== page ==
For most cities, January is a time to bring normality back to life after the festivities of Christmas and New Year.
But that’s not the case in Glasgow. The city will once again host 2100 artists taking part in 300 events across 20 venues for one brilliant festival – Celtic Connections.
Running from January 19 to February 5, the largest annual winter music festival of its kind and the UK’s premier celebration of Celtic music will feature concerts, ceilidhs, talks, art exhibitions, workshops, free events, late night sessions and a host of special one-off musical collaborations.
Getting things started, the opening concert will feature award-winning folk singer-songwriter Laura Marling, performing the world premiere of orchestrations of her songs by Kate St. John with the BBC Scottish Symphony Orchestra.
Laura’s one of a new strand of inspiring female artists featuring this year.
Grease star Olivia Newton John is in there, along with Roberta Sá, Karine Polwart and legend Shirley Collins.
Celtic Connections is programmed by artistic director and founding member of Capercaillie Donald Shaw.
He said: “A breathtaking range of styles and traditions radiates throughout Celtic Connections 2017.
“Artists who have shaped the present day and those who are re-defining music for the future will take to the stage. Artists whose lives and cultures could not be more different will come together to share stories and skills.
“At the heart of it all is the simple life-affirming experience of being at a live music performance during a world leading festival.”
Celtic Connections will also focus on artists who have lived through hard times, including world music star Aziza Brahim, who grew up in an Algerian refugee camp.
On the Americana front, the bill includes Margo Price, St Paul & the Broken Bones, Darlingside, Jurray for Riff Raff and the Mark O’Connor Band. Jon Cleary and Dirk Powel head up the Louisiana contingent, exploring connections between Scotland and America’s deep south, inspired by Booker Prize-winning author James Kelman, and Dirt Road.
Billy Bragg and Joe Henry will perform classic railroad songs from their album Shine a Light and you’ll also be treated to gigs by Phil Cunningham, C Duncan, Shooglenifty, Martha Wainwright, King Creosote, Liz Lochhead and Anna Meredith, to name but a few.
More of a whisky drinker than a fiddle fan? Then you’ll be excited to see the National Whisky Festival added to the programme. It will offer a wide range of whisky tastings and music at a new venue for Celtic Connections, SWG3.
Councillor Frank McAveety, leader of Glasgow City Council, said: “We start the year, while it’s quiet elsewhere, with our fantastic celebration of the very best in world, folk and roots music, Celtic Connections.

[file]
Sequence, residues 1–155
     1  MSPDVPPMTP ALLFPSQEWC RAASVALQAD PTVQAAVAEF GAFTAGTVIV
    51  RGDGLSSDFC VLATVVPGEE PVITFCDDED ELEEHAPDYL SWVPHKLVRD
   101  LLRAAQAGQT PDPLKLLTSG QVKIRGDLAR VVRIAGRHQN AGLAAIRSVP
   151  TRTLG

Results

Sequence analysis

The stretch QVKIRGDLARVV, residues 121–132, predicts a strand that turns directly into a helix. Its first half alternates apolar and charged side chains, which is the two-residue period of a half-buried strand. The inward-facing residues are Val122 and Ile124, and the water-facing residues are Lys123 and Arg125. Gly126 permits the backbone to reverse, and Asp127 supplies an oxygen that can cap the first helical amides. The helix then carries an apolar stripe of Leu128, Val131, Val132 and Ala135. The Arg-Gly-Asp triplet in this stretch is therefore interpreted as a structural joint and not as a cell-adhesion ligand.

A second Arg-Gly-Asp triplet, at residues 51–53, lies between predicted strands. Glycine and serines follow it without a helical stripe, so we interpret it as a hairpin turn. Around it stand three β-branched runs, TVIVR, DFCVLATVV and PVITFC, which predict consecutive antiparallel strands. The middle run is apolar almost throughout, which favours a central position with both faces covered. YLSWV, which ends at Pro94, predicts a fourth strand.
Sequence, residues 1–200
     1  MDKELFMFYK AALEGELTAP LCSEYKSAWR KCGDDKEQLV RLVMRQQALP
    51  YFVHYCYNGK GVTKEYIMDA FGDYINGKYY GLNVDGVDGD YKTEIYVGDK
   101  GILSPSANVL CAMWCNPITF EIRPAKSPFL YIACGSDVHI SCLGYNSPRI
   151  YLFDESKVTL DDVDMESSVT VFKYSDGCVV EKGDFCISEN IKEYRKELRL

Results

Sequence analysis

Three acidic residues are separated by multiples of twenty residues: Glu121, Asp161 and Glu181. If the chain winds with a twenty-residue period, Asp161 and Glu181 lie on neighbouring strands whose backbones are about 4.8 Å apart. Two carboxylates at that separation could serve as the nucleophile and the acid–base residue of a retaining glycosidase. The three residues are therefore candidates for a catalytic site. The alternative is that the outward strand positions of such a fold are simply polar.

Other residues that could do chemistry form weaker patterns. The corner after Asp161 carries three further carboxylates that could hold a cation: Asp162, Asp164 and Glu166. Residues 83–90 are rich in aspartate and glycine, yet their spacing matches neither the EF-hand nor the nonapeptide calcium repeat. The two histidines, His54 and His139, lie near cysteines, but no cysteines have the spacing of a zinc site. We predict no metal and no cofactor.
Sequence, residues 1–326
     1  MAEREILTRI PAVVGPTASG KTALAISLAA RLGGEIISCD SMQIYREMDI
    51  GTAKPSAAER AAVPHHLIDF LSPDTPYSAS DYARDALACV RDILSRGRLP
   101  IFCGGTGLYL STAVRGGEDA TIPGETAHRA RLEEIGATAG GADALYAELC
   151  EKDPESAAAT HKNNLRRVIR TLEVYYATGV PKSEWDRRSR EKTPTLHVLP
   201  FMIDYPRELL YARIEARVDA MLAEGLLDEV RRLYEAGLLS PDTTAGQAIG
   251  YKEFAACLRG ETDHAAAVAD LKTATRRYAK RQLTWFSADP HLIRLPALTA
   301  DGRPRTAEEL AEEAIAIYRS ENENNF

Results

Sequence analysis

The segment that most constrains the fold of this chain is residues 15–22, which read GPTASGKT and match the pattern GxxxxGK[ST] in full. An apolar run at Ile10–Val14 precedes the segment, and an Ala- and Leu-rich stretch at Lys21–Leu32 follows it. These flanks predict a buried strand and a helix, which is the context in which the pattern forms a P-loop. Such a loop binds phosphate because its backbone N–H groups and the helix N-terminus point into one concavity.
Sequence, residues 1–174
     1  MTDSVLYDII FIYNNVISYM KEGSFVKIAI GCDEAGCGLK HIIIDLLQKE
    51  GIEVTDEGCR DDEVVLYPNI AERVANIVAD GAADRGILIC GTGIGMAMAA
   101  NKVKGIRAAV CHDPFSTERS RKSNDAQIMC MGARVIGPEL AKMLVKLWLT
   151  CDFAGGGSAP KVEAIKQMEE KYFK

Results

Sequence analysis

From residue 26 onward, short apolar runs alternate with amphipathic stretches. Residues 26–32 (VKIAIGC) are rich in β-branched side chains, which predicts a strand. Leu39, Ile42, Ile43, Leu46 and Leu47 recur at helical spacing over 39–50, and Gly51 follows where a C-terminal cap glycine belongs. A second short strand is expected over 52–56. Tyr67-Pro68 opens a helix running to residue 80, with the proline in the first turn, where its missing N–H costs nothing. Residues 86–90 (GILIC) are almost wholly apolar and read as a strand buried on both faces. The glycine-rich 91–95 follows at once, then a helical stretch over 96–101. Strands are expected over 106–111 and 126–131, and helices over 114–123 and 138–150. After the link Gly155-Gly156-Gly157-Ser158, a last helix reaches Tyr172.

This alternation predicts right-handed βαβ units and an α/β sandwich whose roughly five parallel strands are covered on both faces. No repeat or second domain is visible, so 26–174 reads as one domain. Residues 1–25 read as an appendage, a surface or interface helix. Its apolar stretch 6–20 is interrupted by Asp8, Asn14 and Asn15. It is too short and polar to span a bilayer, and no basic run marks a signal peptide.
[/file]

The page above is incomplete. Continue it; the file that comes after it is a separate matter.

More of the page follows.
“Glasgow is a city for music lovers. We welcome audiences and artists from around the world.
“Some have been coming to the festival every year for more than 20 years, for others this will be their first experience of Glasgow during Celtic Connections. We can promise them all a great time and 18 days of amazing shows and events.”
Traditional and folk music remains at the heart of Celtic Connections with a dazzling line up that takes in La Banda Europa led by Jim Sutherland, star-studded folk orchestra Unusual Suspects, fiddle super-group Session A9, Edinburgh’s Dallahan, the premiere of piping project Tryst, Ireland’s festival favourites Sharon Shannon and Four Men & A Dog, Gaelic rockers Manran and a 20th anniversary performance of Phil Cunningham’s Highlands & Islands suite.
Shooglenifty and special guests will come together for A Night for Angus, paying tribute to their friend, band member and inspirational fiddle player Angus R.Grant who sadly died in October.
Celtic Connections 2017 will also bring the celebrations of the 150th anniversary of Canada to Glasgow with shows by leading Canadian artists such as Martha Wainwright, Le Vent Du Nord, De Temps Antan and Russell deCarle.
The 70th anniversary of the Partition of India will be marked with a premiere and commission for leading world percussionists Trilok Gurtu & Evelyn Glennie and classical violin star Jayanthi Kumaresh.
Other artists include Pictish Trail, Fairport Convention, Aidan Moffat, Seth Lakeman, Tom Paxton and Robyn Stapleton.
Alan Morrison, head of music at Creative Scotland, said: “Celtic Connections is now firmly established as the winter destination of choice not only for lovers of folk and traditional music but also for anyone who wants to embrace culture on a global scale.
“This is the place where Scotland’s music connects to the world.
“It’s also fantastic this year to see the spotlight shone on female artists, as women have long since provided a strong, defining voice in Scotland’s traditional music and national identity.”
To completely banish the chilly Glasgow temperatures – for a few evenings at least – Celtic Connections will celebrate Brazil as the 2017 partner country, with some of the country’s leading artists performing.
For the full line-up, visit www.celticconnections.com.